diydata

Recommend DIYdata on Facebook       Google+



 home » carpentry » loft hatch casing

Loft hatch casting and cover

Once you have the rough sawn timber loft access hole through the ceiling, you need to fit the casing using planed timber to form the finished access. Exactly how you do this will depend on the type of hatch you are going to have. The three typical styles are:

  1. A simple drop in, lift up hatch.
  2. A hinged hatch swinging up into the roof space.
  3. A hinged hatch swinging down - this is typically required where a loft ladder is fitted to the ceiling joists.

However, whichever style is used, the general principle is the same, use planed timber to make the surround - this does not need to be too thick (typically 18mm/¾ inch should be fine) but the width needs to suit the style of hatch and the differing needs for the position of the cover when in place - see below.

Start by measuring two opposite sides of the frame in the ceiling and cut pieces of planed timber to suit.

In turn, offer up each cut length of timber, position it so that the lower edge is in line with the underside of the ceiling and fix it in place using two or three wire nails - do not drive the nails home, if you need to subsequently make any adjustment, having the nail heads exposed will make this easier.

Now measure the two remaining opposite sides of the frame in the ceiling and cut pieces of planed timber to suit.

Now in turn, offer up each cut length of timber, position it so that the lower end is in line with the underside of the first two planed timbers nailed in place - check that the bottom edge of the new timbers are in line with the underside of the ceiling - if not, you will need to adjust the original pieces of timber. When all the pieces of timber and the underside of the ceiling line up, fix the new pieces of timber in place using two or three wire nails. Finally drive all the nails home, if necessary use a nail punch to drive them below the surface of the timber.

Finish off the underside of the hatch by measuring each of its sides and cut four pieces of architrave with mitres at each end to suit - allow them to sit slightly away from the internal face of the casing and nail them to the underside using wire nails - then put a wire nail through the meeting corners so that adjacent pieces are attached.

Different hatch styles.

Basic drop in loft hatch cover1. A simple drop in, lift up hatch.

The width of timber used to make the casing is not really important as the hatch cover just sits on top of it. The lower edge of the casing is in line with the underside of the ceiling.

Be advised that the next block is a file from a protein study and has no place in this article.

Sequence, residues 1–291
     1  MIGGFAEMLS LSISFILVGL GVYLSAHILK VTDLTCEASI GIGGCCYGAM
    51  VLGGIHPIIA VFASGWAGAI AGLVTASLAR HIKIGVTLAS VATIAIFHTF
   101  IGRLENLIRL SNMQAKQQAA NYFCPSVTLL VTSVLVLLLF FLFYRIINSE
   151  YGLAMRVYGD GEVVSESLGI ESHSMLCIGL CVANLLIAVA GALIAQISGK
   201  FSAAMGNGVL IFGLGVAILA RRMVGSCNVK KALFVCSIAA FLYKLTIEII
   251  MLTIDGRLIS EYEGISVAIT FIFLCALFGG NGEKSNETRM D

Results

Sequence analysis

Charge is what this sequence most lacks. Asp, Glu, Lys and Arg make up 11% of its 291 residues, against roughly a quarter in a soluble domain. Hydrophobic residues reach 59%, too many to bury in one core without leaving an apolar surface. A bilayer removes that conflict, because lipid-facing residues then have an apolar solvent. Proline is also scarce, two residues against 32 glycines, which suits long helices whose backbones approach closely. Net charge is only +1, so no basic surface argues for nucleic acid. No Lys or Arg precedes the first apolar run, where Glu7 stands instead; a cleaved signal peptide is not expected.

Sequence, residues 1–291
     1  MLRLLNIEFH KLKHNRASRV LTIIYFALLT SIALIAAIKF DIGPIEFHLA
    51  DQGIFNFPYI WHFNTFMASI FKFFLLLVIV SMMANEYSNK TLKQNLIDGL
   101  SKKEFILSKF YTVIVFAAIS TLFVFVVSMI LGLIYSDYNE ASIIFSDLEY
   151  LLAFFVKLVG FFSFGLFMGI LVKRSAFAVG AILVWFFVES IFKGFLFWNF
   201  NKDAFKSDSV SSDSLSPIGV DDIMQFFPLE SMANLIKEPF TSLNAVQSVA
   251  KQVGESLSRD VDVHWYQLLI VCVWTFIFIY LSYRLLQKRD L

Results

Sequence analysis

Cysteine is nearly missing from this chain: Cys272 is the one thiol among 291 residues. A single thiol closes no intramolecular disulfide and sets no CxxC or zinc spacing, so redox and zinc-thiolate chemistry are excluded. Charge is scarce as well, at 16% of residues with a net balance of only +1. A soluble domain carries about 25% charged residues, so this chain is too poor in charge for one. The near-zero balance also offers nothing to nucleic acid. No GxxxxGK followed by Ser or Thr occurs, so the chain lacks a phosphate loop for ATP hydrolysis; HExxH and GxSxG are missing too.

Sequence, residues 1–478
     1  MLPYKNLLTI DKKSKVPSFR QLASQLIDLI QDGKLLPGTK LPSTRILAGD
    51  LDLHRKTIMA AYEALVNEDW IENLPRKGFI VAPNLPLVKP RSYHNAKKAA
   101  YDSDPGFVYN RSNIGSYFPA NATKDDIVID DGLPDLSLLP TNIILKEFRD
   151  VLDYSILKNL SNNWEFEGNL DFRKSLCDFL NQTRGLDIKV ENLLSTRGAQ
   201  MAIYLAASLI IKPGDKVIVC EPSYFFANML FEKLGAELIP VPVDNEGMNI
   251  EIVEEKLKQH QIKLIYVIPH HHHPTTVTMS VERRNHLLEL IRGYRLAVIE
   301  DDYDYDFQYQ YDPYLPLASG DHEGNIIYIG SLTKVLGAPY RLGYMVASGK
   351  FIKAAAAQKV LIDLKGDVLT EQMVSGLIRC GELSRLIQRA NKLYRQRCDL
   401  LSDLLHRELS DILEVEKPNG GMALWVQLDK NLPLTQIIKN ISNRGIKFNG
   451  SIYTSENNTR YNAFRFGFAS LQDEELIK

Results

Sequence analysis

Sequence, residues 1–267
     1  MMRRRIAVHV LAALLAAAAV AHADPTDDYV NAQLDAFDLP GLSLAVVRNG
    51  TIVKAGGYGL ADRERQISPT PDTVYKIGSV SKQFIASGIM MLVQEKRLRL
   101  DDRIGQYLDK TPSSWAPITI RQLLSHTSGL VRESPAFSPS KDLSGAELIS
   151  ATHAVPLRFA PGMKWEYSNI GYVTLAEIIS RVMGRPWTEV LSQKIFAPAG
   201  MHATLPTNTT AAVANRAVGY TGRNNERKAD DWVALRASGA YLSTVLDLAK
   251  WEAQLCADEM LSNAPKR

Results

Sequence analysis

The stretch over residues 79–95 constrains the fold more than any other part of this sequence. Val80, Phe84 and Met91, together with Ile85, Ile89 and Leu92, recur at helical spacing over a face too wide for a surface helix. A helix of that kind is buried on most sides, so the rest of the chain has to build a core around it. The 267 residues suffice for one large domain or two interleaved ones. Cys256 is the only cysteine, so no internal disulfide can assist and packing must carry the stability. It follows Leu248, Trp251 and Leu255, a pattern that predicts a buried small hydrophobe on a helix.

Hinged up loft hatch2. A hinged hatch swinging up into the roof space.

The width of timber used to make the casing needs to be such that the lower edge is in line with the underside of the ceiling while the top edge will support the cover in line with the hinge.

To make the job easier, two other options are:

  1. Use thicker timber for the casing all the way up the joists, then fix an inner frame of narrower planed timber to support the hatch cover after the hinges have been fitted to the cover and joists - this does slightly reduce the size of the access.
    or
  2. Use timber to form the casing as described with the top edges the appropriate distance down from the hinge position to suit the thickness of the cover and make any adjustment required by packing or trimming when fitting the hinge between cover and joist.

3. A hinged hatch swinging down - this is typically required where a loft ladder is fitted to the ceiling joists.Hinged down loft hatch

The width of timber used to make the casing is no really important as the hatch cover when closed will hide it - the only thing to remember is that it needs to be wide enough to take the hinge and a small beading around the top of the closed cover to prevent draughts - fit the beading after the hinged cover has been fitted.


The hatch cover.

Loft hatch coverTo make the hatch cover, just cut a piece of 3mm (1/8 inch) plywood to the size of the hatch (less 6mm (¼ inch) on each dimension to give clearance) and edge it with 25x50mm (1x2 inch) planed timber. You could use a thicker piece of plywood without the timber frame where the hatch cover is a simple 'drop in' style, but the timber frame is really required where the cover is hinged and you need something to fix the hinges to.

Once made, a 'drop in' cover can be used straight away - for hinge covers, offer up the cover to the hatch and fix thehinges (and a catch if required) to suit.